Apps – Why are they on the decline and which ones do you really need?

Apps – Why are they on the decline and which ones do you really need?

As highlighted in a recent blog, an interesting trend is starting to happen when it comes to people using apps – they’re not downloading that many anymore. In fact, they’re not downloading them at all. For an area where the number of apps continues to increase, the number people use is remaining the same. So the questions now are:

Why is the number of apps installed reducing?
What apps do we need?
Which ones can be replaced?

Why is the Number of Apps Installed Reducing?

The number of apps at the moment is pretty mind-boggling. You can find 2.8 million on the Google Play Store and 2.2 million on the Apple Store. While the number of apps has increased there’s one area that can’t be increased alongside this,

Time

There’s only so many hours in the day and on average in the US people use 9 apps per day and 30 per month. Therein lies the challenges. Globally the top ten apps in the world are:
WhatsApp
Facebook
Messenger
Instagram
SnapChat
UC Browser
Uber
YouTube
SHAREit
Bitmoji

Offhand, I’m going to guess that most people will have half of these apps on their phone. So if you’re using these then chances are there’s a lot of competition for those other spots on your phone. Once people find a good app, very often it stays.

What Apps do we Need?

It’s interesting that apps have evolved from fun things we used to waste some time to tools that for the most part can help you run a business. As a result, the core apps that you’ll find on a person’s phone fall under the key categories of

● Communications – Which can be broken down to
○ Text
○ Visual
○ Video
● Business management – e.g. SHAREit
● Transport
● Browsing

This forms the basis for the key apps you’ll find on many people’s phones. Even going through mine I can tick all these off (and I’m guessing you can to as well). These are all apps that people need, the problem for new apps is that these already established apps are supported by huge businesses with large resources behind them. In fact, of the top five, four are owned by Facebook. Hence trying to compete with this is an Everest for many apps that can’t be climbed.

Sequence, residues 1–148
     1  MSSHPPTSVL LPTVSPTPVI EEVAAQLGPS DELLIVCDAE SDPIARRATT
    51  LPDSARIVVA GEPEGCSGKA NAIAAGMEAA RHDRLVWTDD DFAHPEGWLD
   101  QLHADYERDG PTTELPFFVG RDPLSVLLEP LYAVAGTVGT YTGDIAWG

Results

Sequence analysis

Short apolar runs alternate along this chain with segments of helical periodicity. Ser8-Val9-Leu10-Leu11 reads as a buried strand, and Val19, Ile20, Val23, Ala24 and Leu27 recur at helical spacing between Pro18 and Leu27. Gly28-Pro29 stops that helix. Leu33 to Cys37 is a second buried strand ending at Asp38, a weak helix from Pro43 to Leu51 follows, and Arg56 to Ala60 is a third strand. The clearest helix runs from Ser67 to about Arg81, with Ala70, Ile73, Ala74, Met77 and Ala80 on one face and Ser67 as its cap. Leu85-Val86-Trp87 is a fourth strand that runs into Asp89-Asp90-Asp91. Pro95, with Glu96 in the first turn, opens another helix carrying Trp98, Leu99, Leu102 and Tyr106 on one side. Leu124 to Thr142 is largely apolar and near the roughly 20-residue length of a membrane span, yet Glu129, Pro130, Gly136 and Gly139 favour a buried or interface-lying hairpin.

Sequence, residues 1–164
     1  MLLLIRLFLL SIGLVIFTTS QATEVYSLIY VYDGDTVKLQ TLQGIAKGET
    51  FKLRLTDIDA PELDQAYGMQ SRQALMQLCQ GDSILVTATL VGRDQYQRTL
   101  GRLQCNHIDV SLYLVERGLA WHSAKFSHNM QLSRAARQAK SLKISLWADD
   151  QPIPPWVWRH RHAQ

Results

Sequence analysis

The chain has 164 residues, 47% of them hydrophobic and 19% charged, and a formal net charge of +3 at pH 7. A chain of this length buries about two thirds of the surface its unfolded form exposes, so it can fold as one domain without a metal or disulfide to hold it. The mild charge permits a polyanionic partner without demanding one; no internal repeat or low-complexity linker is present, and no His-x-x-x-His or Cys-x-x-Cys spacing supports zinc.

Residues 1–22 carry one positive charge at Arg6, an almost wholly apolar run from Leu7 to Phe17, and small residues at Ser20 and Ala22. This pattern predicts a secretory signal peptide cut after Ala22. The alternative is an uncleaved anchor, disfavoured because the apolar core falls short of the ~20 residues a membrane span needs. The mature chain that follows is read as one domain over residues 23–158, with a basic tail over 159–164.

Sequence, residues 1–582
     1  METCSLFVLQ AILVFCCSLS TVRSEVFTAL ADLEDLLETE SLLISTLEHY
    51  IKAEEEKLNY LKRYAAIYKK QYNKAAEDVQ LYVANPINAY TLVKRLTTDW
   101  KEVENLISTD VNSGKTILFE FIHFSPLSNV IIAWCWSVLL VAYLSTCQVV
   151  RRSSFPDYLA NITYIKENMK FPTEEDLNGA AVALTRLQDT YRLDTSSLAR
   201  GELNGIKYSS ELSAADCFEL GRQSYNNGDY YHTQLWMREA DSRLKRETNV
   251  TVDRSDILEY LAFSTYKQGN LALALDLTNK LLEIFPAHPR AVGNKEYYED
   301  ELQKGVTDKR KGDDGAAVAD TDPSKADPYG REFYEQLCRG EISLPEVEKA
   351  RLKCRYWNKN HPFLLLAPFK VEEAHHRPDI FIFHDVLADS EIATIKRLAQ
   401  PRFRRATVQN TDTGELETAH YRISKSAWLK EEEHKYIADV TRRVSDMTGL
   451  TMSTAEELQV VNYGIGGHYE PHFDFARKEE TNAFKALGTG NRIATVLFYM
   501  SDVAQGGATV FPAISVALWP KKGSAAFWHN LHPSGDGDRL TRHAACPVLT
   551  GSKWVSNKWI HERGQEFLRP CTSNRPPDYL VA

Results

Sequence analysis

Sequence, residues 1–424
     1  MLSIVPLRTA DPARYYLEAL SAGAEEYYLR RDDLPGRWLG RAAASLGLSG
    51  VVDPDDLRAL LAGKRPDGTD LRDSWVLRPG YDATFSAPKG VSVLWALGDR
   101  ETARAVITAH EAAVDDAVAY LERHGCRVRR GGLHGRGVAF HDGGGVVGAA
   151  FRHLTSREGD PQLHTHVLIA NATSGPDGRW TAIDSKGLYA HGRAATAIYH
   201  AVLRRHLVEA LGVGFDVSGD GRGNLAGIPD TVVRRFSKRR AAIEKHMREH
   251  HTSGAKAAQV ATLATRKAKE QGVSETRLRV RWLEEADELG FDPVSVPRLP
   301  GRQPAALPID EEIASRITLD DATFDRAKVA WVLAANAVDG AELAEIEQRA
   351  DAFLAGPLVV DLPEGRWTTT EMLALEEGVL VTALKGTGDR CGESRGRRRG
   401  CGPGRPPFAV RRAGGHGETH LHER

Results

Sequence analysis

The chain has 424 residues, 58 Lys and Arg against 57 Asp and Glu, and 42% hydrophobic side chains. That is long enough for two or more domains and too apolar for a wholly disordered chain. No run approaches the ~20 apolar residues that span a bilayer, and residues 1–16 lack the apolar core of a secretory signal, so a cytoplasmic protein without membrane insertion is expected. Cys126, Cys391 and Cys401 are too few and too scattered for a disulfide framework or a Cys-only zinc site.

What Type can be Replaced?

This is an interesting question. Instead of having multiple messaging apps and tools why not just have one interface like the UnificationEngine. What’s better is that it can help you communicate with people but also devices at the same time. UE’s channels include the most popular global chat, messaging, and social media apps, such as WhatsApp, Viber, Telegram, KakaoTalk, Twitter, Google+, Facebook, FB Messenger, Xing, Weibo, 3 of which are in the top 10 most used Apps. Hence you don’t need to download another app and as a result, you keep the number of apps on your phone lean.

So, for example using UE with WhatsApp, you can manage all your devices from one app and not have to use others. Given that WhatsApp is used by then you can manage and reduce the number of messaging apps. It’s that simple. To find out more about UE and how it works check out the Video below

 

Author: Danny O’ Brien

 

By | 2017-10-19T12:27:13+00:00 October 18th, 2017|Categories: IoT, Social Media|0 Comments

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